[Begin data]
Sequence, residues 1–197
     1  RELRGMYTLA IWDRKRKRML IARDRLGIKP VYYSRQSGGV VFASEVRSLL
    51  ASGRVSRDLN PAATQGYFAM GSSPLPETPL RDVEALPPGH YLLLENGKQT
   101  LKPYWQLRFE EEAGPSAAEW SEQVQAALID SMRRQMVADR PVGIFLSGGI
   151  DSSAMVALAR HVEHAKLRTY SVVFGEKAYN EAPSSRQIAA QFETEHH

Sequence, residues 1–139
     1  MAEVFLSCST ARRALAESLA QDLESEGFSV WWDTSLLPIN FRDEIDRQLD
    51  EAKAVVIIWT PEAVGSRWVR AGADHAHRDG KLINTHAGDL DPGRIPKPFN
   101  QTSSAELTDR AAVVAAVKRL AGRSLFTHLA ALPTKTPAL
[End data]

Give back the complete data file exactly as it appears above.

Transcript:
Sequence, residues 1–197
     1  RELRGMYTLA IWDRKRKRML IARDRLGIKP VYYSRQSGGV VFASEVRSLL
    51  ASGRVSRDLN PAATQGYFAM GSSPLPETPL RDVEALPPGH YLLLENGKQT
   101  LKPYWQLRFE EEAGPSAAEW SEQVQAALID SMRRQMVADR PVGIFLSGGI
   151  DSSAMVALAR HVEHAKLRTY SVVFGEKAYN EAPSSRQIAA QFETEHH

Sequence, residues 1–139
     1  MAEVFLSCST ARRALAESLA QDLESEGFSV WWDTSLLPIN FRDEIDRQLD
    51  EAKAVVIIWT PEAVGSRWVR AGADHAHRDG KLINTHAGDL DPGRIPKPFN
   101  QTSSAELTDR AAVVAAVKRL AGRSLFTHLA ALPTKTPAL